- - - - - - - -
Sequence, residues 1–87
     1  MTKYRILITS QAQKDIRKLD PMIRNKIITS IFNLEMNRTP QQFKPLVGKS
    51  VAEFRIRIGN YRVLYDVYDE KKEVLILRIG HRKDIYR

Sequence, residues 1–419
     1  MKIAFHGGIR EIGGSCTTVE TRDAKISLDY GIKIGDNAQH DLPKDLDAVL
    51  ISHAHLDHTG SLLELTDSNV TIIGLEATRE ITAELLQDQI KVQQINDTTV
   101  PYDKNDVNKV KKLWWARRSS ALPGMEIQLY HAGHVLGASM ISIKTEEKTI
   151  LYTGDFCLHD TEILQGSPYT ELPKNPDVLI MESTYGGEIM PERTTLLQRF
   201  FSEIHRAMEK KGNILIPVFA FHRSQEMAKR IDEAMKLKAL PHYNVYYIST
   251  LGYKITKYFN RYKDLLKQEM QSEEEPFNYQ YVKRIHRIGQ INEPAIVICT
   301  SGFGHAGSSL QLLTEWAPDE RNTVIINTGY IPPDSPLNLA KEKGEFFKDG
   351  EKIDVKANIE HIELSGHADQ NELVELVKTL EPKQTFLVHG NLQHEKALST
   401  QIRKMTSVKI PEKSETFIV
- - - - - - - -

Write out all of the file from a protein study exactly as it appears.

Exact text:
Sequence, residues 1–87
     1  MTKYRILITS QAQKDIRKLD PMIRNKIITS IFNLEMNRTP QQFKPLVGKS
    51  VAEFRIRIGN YRVLYDVYDE KKEVLILRIG HRKDIYR

Sequence, residues 1–419
     1  MKIAFHGGIR EIGGSCTTVE TRDAKISLDY GIKIGDNAQH DLPKDLDAVL
    51  ISHAHLDHTG SLLELTDSNV TIIGLEATRE ITAELLQDQI KVQQINDTTV
   101  PYDKNDVNKV KKLWWARRSS ALPGMEIQLY HAGHVLGASM ISIKTEEKTI
   151  LYTGDFCLHD TEILQGSPYT ELPKNPDVLI MESTYGGEIM PERTTLLQRF
   201  FSEIHRAMEK KGNILIPVFA FHRSQEMAKR IDEAMKLKAL PHYNVYYIST
   251  LGYKITKYFN RYKDLLKQEM QSEEEPFNYQ YVKRIHRIGQ INEPAIVICT
   301  SGFGHAGSSL QLLTEWAPDE RNTVIINTGY IPPDSPLNLA KEKGEFFKDG
   351  EKIDVKANIE HIELSGHADQ NELVELVKTL EPKQTFLVHG NLQHEKALST
   401  QIRKMTSVKI PEKSETFIV